Fauci ‘confident’ omicron surge will peak in February: ‘Things are looking good’

Fauci said the hope is the level of COVID infection will be below what he calls an 'area of control' in the future.

Dr. Anthony Fauci and Dr. Rochelle Walensky testify before the Senate

Dr. Anthony Fauci, director of the National Institute of Allergy and Infectious Diseases and chief medical adviser to the president, right, and Dr. Rochelle Walensky, Director of the Centers for Disease Control and Prevention, left, testify before a Senate Health, Education, Labor, and Pensions Committee hearing about the federal response to COVID-19 on Jan. 11, 2022 in Washington. (Shawn Thew/AP)

This story originally appeared on 6abc.

Dr. Anthony Fauci, the nation’s top infectious disease specialist, said Sunday he is “as confident as you can be” about the prospect of most states reaching a peak of omicron cases by mid-February.

“You never want to be overconfident when you’re dealing with this virus,” Fauci told ABC “This Week” co-anchor Martha Raddatz, adding that the COVID-19 virus has “surprised us in the past.”

“Things are looking good. We don’t want to get overconfident, but they look like they’re going in the right direction right now,” he said.

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Fauci said there are states in the northeast and in the upper midwest where cases have already peaked and declined “rather sharply” but that cases are still rising in southern and western states.

“There may be a bit more pain and suffering with hospitalizations in those areas of the country that have not been fully vaccinated or have not gotten boosters,” he warned.

When Raddatz asked “what should life look like” going forward and about the “long-term strategy” for dealing with future peaks and variants, Fauci said the hope is the level of infection will be below what he calls an “area of control.”

“Control means you’re not eliminating it, you’re not eradicating it, but it gets down to such a low level, that it’s essentially integrated into the general respiratory infections that we have learned to live with.”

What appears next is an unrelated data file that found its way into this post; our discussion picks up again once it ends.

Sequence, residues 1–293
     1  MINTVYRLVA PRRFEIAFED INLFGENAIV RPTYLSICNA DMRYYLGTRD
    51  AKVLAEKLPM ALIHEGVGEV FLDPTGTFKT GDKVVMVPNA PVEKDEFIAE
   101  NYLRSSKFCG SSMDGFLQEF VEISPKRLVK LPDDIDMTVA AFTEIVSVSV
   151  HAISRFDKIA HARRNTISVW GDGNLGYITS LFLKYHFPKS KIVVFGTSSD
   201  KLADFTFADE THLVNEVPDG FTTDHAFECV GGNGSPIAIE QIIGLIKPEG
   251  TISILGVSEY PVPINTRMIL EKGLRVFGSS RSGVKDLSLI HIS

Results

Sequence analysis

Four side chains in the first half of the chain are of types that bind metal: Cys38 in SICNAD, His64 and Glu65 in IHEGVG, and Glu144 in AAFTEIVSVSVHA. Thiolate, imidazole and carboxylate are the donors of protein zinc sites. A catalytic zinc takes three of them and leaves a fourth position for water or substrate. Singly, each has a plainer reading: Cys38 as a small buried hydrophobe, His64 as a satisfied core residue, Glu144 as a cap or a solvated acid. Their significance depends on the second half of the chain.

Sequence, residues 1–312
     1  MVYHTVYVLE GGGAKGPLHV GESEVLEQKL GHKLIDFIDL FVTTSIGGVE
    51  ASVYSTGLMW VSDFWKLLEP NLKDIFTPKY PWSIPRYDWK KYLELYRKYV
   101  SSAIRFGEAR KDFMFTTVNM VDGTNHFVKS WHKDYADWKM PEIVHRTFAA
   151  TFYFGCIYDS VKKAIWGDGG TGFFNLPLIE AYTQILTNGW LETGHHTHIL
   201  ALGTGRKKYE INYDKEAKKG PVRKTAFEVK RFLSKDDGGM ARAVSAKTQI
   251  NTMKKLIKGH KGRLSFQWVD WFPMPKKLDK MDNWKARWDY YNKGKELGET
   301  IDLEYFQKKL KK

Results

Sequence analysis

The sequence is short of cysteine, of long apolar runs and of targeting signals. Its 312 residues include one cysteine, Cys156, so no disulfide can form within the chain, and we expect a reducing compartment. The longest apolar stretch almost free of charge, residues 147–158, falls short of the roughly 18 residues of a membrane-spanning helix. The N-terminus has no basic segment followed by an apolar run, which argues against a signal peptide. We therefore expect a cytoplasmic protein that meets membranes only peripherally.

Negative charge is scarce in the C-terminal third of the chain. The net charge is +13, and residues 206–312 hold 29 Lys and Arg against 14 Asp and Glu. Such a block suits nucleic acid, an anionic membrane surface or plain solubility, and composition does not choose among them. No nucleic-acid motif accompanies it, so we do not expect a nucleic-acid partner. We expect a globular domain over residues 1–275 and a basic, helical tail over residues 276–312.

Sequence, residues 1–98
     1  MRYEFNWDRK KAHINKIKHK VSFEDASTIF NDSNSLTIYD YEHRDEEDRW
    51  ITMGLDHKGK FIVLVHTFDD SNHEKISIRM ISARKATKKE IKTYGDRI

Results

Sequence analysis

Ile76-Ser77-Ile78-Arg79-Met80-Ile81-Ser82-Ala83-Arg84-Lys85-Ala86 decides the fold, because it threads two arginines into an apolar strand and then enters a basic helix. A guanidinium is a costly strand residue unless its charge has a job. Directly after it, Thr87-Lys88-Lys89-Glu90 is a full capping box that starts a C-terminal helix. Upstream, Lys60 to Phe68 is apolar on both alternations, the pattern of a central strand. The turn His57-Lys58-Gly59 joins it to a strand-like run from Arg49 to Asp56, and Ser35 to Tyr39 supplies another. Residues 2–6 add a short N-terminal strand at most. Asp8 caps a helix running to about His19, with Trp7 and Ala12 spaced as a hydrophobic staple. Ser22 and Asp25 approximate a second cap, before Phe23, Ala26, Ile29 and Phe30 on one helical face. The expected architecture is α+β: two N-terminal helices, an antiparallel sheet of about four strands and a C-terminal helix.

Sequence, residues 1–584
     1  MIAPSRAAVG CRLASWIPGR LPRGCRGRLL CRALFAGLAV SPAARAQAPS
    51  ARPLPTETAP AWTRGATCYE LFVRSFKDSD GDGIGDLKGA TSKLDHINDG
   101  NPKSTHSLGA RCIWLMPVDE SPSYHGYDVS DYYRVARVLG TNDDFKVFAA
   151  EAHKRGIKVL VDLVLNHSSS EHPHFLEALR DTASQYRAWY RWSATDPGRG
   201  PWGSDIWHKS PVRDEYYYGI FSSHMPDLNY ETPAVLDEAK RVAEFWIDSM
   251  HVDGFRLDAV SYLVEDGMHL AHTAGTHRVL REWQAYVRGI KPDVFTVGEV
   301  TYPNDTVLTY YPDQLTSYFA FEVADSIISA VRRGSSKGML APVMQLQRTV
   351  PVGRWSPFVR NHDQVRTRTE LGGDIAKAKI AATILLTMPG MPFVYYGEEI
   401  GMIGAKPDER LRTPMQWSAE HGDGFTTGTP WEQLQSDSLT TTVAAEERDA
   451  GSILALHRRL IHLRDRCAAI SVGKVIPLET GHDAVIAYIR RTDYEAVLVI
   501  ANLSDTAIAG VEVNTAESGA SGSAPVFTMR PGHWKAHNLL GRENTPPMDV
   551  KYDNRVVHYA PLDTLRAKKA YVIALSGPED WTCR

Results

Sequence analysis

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Fauci said the aspiration is that future variants won’t “disrupt society” or “create a fear of severe outcomes that are broad” but that the country should still be “prepared for the worst-case scenario.”

“We’d like it to get down to that level where it doesn’t disrupt us in the sense of getting back to a degree of normality. That’s the best-case scenario.”

As the Biden administration begins to ship out free COVID-19 tests to Americans and provide free masks across the country, Fauci told Raddatz these kinds of protections could help keep future variants at a “lower level.”

“What about the next booster shot?” Raddatz pressed, noting that it’s now been five months since some Americans received their booster. “How soon should we get another one?”

“We don’t know,” Fauci responded, adding that it’s unclear whether an additional booster shot will be recommended since scientists are still trying to determine how much protection is provided by the first booster. But, he said, it’s “quite conceivable, and I hope it’s true, that the third shot boost will give a much greater durability of protection.”

“We may need to boost again, but before we make that decision, we want to determine what the durability is,” Fauci added.


Data released on Tuesday shows that nearly 1 million children tested positive for COVID-19 last week, according to new a weekly report by the American Academy of Pediatrics and the Children’s Hospital Association, and 28.8 million eligible children still remain completely unvaccinated.

Some schools in the U.S. are opting to remove mask mandates, and when asked by Raddatz if it is “safe to send your kids back to school without masks,” Fauci stressed their importance, along with other mitigation efforts.

“You surround the children with people who are vaccinated. For the children who are eligible to be vaccinated, get them vaccinated. And provide in the school masks where you can have children protected, as well as ventilation to make sure that you can get a respiratory infection at its lowest level of infectivity. All of those things go together. And masking is a part of that.”

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